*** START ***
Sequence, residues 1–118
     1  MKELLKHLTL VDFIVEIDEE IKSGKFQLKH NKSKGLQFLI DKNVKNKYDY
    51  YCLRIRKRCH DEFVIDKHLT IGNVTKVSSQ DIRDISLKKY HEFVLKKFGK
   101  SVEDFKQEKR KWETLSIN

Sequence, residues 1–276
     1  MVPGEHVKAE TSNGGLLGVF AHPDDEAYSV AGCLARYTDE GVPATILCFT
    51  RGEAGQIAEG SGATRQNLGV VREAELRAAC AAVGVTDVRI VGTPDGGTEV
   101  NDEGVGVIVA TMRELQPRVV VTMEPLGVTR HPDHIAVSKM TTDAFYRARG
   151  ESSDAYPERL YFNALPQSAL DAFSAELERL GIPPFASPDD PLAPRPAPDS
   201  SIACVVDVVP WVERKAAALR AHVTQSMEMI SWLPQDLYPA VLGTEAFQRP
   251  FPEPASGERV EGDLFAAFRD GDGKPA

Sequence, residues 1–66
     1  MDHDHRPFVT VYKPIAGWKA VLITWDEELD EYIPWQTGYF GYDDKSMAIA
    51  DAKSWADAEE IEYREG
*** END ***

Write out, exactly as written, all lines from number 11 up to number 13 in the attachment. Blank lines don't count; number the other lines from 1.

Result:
   251  FPEPASGERV EGDLFAAFRD GDGKPA

Sequence, residues 1–66
     1  MDHDHRPFVT VYKPIAGWKA VLITWDEELD EYIPWQTGYF GYDDKSMAIA